Warwick Fyfe and Paolo Borgogna © Keith Saunders

It’s also fair to say that no Barber will thrive without a decent barber and OA have struck absolute gold in Paolo Bordogna, probably the best sung, certainly the best acted Figaro I can recall. The Italian buffo has all the notes – check out the focussed, ringing top in Largo al factotum – but he doesn’t just sing it, he acts with the voice right on through the text. His barber is cheeky, smart, clever, winning and very, very, funny. Your eyes are glued to him whenever he is onstage. His physicality is a dream, no moment over or under-judged, and the level of invention is sky-high. His foil is American tenor Kenneth Tarver, one of the world’s leading Rossini tenors. He makes a dapper, bespectacled Almaviva in white pinstripes and spats and delivers a stunning account of his tricky opening aubade, Ecco, ridente in cielo. Tarver has a laser beam of a voice, but there’s plenty of bloom around it as well and his roulades and decorations are faultless. By the time he and Bordogna got to their lengthy ‘cunning plan’ duet (and in the wrong hands it can seem a marathon), many in the audience might have thought they’d died and gone to bel canto heaven.

Anna Dowsley and Paolo Borgogna © Keith Saunders

As the resourceful Rosina, mezzo-soprano Anna Dowsley makes another distinguished role debut for OA. A gifted actor with a silvery voice flecked with copper overtones, she is absolutely right in the part, playing the savvy young woman with charm and ebullience. Her Una voce poco fa is subtly shaped, never overly flash, with all the top notes securely in place. She might have more fun with the bottom register, but that will most likely come in time. Her jailor-cum-guardian is Warwick Fyfe, another fine comedian and able to really sing the role (unlike the typical aging buffo you sometimes get here). His Bartolo is full of ideas – a creepy cross between a baritonal Kenneth Williams and Blakey from On the Buses (remember him?). He’s both a loathsome, preening wooer and everyone’s nightmare of a medical practitioner.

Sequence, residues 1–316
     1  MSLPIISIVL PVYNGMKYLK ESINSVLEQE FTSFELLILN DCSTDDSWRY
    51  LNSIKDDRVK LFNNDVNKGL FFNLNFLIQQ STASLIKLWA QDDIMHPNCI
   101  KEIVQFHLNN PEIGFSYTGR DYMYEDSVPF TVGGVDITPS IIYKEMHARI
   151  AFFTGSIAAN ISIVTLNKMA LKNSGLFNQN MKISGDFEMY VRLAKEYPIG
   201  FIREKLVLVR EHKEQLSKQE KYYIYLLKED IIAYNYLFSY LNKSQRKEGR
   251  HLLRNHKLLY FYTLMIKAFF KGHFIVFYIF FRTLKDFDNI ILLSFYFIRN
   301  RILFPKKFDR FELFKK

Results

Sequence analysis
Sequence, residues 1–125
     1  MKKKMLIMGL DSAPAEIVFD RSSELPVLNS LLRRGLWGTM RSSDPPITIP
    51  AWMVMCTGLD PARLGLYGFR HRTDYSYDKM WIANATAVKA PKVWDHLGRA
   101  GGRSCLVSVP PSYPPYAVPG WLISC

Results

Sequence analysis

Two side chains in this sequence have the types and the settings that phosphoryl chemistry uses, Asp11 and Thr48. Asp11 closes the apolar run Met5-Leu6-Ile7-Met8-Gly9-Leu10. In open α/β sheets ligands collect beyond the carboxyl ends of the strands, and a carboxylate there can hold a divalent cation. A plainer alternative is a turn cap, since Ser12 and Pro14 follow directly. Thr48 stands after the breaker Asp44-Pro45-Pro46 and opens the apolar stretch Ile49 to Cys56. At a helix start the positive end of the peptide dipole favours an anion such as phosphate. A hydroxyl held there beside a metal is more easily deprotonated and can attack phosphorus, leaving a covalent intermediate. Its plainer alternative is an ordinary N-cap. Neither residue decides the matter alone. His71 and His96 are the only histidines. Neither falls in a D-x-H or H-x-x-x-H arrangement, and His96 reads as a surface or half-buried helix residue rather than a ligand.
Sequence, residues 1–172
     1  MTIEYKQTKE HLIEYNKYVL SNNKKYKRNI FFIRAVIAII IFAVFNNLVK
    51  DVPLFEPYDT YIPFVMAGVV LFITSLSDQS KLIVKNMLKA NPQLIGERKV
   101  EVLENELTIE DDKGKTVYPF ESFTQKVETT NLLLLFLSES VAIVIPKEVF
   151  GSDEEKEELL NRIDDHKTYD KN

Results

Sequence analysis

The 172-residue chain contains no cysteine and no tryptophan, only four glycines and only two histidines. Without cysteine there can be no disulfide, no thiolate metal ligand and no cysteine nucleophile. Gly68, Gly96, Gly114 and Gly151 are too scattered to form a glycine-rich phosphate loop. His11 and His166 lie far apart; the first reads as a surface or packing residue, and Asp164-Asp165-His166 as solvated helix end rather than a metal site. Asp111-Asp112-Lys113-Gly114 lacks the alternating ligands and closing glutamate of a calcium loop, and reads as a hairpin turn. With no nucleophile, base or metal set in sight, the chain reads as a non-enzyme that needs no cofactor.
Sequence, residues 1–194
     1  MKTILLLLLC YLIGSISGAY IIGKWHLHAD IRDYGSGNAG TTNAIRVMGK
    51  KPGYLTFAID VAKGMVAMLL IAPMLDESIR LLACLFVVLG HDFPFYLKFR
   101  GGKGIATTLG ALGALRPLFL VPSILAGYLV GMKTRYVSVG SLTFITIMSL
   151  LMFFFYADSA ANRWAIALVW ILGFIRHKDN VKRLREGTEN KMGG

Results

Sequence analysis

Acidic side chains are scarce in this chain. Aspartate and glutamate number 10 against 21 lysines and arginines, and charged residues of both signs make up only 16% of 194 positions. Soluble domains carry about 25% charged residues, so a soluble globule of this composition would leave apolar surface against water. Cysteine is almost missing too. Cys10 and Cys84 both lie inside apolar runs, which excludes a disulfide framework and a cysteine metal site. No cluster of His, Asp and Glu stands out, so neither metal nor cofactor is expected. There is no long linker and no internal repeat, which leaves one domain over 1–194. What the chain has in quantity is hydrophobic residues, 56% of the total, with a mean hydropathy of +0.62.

David Parkin and Warwick Fyfe © Keith Saunders

David Parkin makes a youngish, oily Basilio, singing with great beauty even as he raises an electrical storm during a fine La calunnia. His voice is easy at the top, rich and full at the bottom. Jane Ede is a memorable Berta, full of silent funny business as Bartolo’s nurse. Her aria, when it comes, is delivered with considerable style. Samuel Dundas isn’t just a rich-voiced Fiorello, he’s a compelling comic presence as Bartolo’s brain-fried servant Ambrogio, lurking around the house like a cross between Rocky Horror’s Riff Raff and Buster Keaton on smack.

During the last 50 years, so much has been rediscovered and developed in terms of what we know as the bel canto period, imbuing it with new-found respect and producing a generation of singers and conductors who have learned to do it full justice. This magnificent revival delivers Rossini’s score with glorious musical integrity while showing just how much fun you can have into the bargain. This Barber is no cheap shave – it’s tonsorial luxury with pampering and hot towels thrown in.

The Barber of Seville is at the Sydney Opera House until March 22.